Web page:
30-1 Spring Issue
Entertaining the Bakersfield Way
Baklava is a traditional Eastern European dessert (its origin is often disputed). It consists of multiple layers of phyllo dough and you can find it everywhere in the Balkans.
Written by Tracie Grimes
A back that aches so much it wakes you up at 3 a.m. A neck so stiff you can hardly turn your head. A migraine that hits you like a freight train. Coping with pain is a way of life for millions of Americans, and for many, treating chronic pain has become a complex issue. And with conventional medicine sometimes unable to give them the relief they need, thousands of Kern County residents are turning back the pages of medicine to find relief in practices thousands of years old.
Complementary and Alternative Medicine (CAM), a new name for old therapies, is gaining popularity among Bakersfield area residents looking for relief from their aches and pains. Licensed CAM practitioners work with patients using modalities such as acupuncture, guided imagery, chiropractic treatment, yoga, hypnosis, biofeedback, aromatherapy, relaxation, nutrition, herbal remedies, and massage, just to name a few. The main purpose of CAM practices, also known as “natural medicine” or “non-pharmacologic” based therapies, is to bring into focus the mind-body connection to enhance health and control pain, explains Diana Roman, Lac, DAOM (Licensed Acupuncturist & Herbalist, Doctor of Acupuncture & Oriental Medicine).
Dr. Roman’s approach is to use mind-body treatments that will help the mind’s ability to influence the body’s functions and symptoms.
“A person who is experiencing chronic pain is getting a message from their body that there is something wrong. The body is saying, ‘Wake up! There’s something going on here.’ And unless a person has some unresolved physical issue going on, say, for instance, a protruding disk, there’s no reason they should be experiencing chronic pain.”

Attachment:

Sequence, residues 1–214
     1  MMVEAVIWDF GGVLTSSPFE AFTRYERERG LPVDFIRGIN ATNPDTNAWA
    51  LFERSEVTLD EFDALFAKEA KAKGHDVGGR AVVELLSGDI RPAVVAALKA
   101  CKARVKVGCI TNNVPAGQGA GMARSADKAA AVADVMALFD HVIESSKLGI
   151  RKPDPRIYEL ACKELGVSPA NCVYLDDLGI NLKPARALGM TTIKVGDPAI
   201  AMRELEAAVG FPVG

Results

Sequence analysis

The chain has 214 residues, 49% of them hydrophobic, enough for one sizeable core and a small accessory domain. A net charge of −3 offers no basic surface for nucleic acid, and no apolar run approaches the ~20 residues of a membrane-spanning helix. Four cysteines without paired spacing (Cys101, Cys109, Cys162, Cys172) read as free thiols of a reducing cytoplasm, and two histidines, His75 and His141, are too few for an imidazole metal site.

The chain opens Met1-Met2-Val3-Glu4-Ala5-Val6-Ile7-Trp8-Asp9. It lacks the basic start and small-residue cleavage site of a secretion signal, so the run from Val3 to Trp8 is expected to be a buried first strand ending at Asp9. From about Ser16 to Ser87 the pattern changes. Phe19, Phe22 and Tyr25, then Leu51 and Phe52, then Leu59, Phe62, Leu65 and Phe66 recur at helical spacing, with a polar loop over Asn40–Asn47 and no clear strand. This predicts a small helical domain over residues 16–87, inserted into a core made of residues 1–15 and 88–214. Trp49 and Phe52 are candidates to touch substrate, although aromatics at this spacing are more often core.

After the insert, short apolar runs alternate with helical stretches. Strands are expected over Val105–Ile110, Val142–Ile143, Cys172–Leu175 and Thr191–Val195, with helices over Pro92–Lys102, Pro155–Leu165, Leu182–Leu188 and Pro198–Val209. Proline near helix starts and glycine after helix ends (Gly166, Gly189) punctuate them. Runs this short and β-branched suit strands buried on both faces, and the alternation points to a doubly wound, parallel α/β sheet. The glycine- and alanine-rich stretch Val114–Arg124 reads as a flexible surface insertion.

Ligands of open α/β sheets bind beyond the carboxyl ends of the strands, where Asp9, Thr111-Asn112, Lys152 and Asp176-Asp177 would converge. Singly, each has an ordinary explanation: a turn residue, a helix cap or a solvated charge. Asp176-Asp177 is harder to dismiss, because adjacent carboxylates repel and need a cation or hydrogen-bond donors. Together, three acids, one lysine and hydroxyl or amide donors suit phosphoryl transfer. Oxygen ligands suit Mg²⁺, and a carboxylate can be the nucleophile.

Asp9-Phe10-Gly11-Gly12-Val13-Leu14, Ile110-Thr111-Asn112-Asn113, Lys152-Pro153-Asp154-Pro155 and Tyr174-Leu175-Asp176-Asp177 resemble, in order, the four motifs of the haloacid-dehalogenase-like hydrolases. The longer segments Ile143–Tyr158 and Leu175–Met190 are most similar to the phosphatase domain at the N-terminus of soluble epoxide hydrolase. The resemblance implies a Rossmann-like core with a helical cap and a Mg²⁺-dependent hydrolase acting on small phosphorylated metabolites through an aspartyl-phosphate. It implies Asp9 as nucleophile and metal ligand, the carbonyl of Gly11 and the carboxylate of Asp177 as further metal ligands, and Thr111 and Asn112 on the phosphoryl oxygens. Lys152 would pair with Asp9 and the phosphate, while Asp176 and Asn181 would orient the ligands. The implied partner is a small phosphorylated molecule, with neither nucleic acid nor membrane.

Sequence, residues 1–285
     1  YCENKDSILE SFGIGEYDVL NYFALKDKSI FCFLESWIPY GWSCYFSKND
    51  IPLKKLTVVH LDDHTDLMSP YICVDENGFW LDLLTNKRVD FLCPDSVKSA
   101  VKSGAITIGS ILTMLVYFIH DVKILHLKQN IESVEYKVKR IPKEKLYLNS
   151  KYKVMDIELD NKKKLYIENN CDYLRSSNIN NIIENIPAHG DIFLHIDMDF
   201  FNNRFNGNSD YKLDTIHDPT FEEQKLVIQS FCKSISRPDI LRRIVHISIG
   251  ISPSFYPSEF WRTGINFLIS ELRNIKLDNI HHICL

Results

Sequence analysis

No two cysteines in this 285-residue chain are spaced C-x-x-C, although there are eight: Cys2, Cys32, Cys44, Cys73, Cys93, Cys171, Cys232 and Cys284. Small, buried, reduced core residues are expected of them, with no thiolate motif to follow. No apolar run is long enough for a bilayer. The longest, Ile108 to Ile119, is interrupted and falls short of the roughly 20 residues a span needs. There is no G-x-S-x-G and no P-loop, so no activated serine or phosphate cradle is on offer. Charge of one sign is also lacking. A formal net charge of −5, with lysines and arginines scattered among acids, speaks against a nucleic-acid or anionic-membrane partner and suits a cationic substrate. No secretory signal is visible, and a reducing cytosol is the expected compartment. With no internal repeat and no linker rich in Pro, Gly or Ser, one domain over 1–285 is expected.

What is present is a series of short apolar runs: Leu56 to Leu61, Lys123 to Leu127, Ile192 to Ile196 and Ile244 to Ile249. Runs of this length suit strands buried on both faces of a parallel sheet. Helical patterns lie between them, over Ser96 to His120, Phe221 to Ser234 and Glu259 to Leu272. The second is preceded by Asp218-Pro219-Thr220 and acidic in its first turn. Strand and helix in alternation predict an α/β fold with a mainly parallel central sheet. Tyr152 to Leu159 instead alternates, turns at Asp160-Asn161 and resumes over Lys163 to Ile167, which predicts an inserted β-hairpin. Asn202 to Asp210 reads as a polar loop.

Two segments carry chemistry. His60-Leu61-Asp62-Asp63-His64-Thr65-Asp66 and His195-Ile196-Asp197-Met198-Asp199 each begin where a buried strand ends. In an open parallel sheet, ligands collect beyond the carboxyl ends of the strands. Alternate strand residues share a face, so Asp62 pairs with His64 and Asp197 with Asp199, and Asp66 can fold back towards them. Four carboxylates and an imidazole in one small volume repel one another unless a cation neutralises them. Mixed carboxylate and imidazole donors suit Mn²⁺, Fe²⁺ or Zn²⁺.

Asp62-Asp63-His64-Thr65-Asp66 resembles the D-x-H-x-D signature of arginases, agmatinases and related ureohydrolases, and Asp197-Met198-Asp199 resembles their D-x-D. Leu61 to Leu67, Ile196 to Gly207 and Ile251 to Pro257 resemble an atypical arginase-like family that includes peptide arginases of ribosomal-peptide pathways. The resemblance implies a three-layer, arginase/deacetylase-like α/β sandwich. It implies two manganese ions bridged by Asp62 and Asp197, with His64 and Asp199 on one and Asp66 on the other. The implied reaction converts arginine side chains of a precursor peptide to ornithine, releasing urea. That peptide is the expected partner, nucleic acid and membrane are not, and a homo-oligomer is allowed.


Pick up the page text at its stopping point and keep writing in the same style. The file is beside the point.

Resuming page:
There’s also no reason a person should be experiencing pain years and years after a trauma or injury to the body, Dr. Roman adds. “That chapter should have come to an end after the trauma was dealt with. If there’s still pain, it means the body is still giving out signals that something’s going on and it’s trying to say ‘do something!’ ”
The mind-body connection is an integral part of the healing process because it allows the patient to tap in to the emotional side of pain they might be feeling, Dr. Roman continues.
“A big percentage of physiological pain can stem from emotions. I’ve had many, many patients come to me and tell me that doctors have told them their pain is ‘all in their head,’ to which I say ‘well, yes—it is, so let’s get to the root of the problem and figure out what your body is trying to tell your mind through the pain.’ ”
“Pain is the ‘voice’ of your body and you must listen to it,” agrees Nina Manny, CHT (Certified Hypnotherapist). “Find out what the voice is trying to tell you because if you shut it down, you’re going to keep feeling pain.”